If you invest a €200,000 lump sum in a managed fund for 20 years, you could make €119,456 on your investment after tax -- as long as your investment fund delivers a return of 4 per cent a year, according to Vincent Digby, founder of the financial advisers Impartial. So after 20 years, your €200,000 lump sum would be worth about €320,000.
This €119,456 investment return is almost six times what you'd save if you used your €200,000 lump sum to repay your tracker mortgage. For this reason, if you have a tracker mortgage, it would make a lot more sense to put your lump sum into an investment than to use the money to repay your mortgage -- as long as you choose a good investment.
"In Ireland, the average balanced managed fund has delivered an annual return of 9.39 per cent after costs over the last five years," said Mr Digby. "This did, however, coincide with five years of strong equity market returns -- which may not be repeated. There are a range of absolute return funds which have returned between 2 and 5.25 per cent a year over the last three years. These funds should be less volatile than directly held equities or equity funds."
Liquidity is another thing you'll have on your side if you decide to invest your lump sum. "If you need money, you can sell your investment and use the funds as you wish," said Mr Digby. "If, however, you repay your mortgage and need to borrow money after doing so, you may find that the banks are reluctant to lend and will only do so at higher interest rates."
If you have an expensive mortgage, there is unlikely to be much of a difference between the amount you could save by paying down your debt and the amount you could make by investing. Using your spare cash to pay down a 20-year variable mortgage of €200,000 could save you about €109,000. Investing €200,000 over 20 years instead could make you €119,456. In this case, you'll still make €10,000 more by investing your money -- but as you are never guaranteed to make a return on an investment, it could make more sense to repay your expensive mortgage than to invest.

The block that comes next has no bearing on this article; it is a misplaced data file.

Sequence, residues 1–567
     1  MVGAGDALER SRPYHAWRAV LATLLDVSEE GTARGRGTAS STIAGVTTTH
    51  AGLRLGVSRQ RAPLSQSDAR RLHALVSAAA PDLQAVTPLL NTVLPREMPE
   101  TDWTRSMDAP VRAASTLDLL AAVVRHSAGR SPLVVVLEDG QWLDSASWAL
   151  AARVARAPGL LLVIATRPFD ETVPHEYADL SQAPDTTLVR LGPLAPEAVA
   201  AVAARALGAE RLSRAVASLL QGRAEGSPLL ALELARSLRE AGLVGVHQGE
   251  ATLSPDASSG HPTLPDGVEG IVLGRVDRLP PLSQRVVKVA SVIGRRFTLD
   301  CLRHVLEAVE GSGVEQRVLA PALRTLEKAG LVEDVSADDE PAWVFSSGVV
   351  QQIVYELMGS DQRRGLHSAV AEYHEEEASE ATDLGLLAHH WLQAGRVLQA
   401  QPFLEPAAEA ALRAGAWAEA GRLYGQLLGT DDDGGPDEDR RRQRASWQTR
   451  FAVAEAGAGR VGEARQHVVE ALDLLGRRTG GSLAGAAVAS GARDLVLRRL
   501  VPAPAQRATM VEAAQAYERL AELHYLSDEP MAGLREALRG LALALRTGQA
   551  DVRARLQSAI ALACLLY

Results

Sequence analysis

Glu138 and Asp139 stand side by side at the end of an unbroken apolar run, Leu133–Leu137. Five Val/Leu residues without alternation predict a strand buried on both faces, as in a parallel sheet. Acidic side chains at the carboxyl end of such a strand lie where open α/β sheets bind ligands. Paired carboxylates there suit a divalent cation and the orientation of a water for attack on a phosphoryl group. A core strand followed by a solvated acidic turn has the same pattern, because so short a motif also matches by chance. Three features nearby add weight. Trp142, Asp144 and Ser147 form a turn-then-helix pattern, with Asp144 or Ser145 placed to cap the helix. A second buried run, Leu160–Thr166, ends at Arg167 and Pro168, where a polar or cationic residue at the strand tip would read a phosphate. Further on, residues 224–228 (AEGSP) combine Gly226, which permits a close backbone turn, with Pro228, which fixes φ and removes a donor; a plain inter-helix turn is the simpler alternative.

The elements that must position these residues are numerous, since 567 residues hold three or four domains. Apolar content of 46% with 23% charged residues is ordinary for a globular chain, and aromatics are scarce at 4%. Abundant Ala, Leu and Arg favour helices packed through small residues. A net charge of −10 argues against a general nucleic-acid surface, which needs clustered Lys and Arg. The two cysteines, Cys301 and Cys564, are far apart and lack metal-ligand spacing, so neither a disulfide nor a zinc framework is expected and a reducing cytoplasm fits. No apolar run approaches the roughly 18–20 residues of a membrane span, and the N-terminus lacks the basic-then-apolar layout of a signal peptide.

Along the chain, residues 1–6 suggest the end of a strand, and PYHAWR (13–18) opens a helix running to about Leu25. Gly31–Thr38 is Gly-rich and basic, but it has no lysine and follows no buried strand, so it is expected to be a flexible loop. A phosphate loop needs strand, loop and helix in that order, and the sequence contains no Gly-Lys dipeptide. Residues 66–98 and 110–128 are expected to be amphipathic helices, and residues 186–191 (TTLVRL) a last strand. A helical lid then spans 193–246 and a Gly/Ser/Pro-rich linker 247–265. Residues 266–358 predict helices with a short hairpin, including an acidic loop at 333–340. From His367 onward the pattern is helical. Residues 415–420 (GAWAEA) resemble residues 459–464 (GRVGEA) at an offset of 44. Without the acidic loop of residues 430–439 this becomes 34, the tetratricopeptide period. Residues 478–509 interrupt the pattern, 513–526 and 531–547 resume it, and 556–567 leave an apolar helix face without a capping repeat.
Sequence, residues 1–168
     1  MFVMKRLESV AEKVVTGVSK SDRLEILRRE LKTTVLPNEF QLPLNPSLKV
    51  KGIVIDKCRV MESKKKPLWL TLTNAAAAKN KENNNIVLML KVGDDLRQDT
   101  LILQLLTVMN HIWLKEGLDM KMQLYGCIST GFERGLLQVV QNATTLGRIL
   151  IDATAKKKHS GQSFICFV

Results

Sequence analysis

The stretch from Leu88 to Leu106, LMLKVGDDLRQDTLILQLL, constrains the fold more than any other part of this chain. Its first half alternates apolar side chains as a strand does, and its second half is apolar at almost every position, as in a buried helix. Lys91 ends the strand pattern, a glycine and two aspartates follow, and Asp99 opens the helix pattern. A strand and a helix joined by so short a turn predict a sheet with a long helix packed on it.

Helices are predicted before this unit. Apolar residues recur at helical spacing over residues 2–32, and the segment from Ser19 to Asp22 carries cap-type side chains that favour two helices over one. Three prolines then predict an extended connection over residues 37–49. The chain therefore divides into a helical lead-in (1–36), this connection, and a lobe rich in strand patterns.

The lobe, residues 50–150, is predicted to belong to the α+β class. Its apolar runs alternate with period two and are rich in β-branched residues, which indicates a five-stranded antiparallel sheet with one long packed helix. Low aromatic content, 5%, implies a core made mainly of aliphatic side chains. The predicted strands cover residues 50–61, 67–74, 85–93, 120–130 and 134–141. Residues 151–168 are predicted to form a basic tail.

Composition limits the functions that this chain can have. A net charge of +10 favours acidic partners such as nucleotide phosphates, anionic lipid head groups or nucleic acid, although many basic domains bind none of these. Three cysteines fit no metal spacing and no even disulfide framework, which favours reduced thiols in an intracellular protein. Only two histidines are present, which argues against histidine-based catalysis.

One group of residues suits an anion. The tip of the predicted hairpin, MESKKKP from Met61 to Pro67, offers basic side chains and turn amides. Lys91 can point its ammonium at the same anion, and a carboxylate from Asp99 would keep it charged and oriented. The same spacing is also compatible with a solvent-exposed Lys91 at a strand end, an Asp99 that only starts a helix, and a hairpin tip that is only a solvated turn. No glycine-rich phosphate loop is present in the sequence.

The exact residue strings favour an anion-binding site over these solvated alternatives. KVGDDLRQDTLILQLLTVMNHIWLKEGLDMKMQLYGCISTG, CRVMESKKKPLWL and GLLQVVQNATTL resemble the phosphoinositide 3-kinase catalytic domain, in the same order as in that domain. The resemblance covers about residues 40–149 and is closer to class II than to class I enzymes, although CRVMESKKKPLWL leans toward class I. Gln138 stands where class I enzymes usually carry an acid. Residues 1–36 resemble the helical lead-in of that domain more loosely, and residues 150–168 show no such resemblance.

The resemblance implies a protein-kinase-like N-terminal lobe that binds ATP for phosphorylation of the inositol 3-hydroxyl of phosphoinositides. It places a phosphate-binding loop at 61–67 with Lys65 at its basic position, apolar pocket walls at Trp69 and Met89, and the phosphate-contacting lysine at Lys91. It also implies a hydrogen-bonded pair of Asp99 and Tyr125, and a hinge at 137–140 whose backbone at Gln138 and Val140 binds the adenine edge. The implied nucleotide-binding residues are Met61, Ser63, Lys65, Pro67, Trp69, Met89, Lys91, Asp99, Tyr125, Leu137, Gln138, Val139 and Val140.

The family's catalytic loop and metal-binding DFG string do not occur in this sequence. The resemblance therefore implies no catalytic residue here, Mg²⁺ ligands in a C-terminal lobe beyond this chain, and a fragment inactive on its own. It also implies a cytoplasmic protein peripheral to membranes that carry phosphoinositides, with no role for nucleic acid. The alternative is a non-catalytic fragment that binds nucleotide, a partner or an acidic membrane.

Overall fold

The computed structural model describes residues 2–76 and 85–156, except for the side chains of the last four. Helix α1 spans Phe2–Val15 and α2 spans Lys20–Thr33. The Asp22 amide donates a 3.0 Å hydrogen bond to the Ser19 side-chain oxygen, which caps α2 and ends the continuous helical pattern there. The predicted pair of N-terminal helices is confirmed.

Similarly, if you have other expensive debt, such as a scary credit card bill or overdraft, it would make more sense to use any spare cash you have to clear that debt than to put it into an investment.
Remember, if you decide to invest a large lump sum, get independent financial advice. You will usually have to pay for such advice -- but by doing so, you will have less chance of seeing your investment going belly up.
Keep a little by for a rainy day
IF you are about to lose your job or are struggling to keep your head above water financially, it would be madness to pour all your spare cash into an investment -- or to use a lump sum to repay a cheap tracker mortgage.
Paying down an expensive mortgage would certainly be a step worth taking -- but it is also important to have an emergency fund. Put your emergency money into a deposit account, which allows you access at any time -- as well as paying an above-average interest rate. KBC Bank's Smart Access Demand account pays 2.3pc interest on savings of between €3,000 and €100,000.
"It's good to keep a year's salary aside as an emergency fund if you can," said Conway.
"People often underestimate their expenses and overestimate their earnings. You need to be prepared for rising costs in areas such as private health insurance, property tax and education.
"Banks are not lending so it is very hard to get a loan, if you unexpectedly need money. It's a good idea to set money aside for a rainy-day fund every month."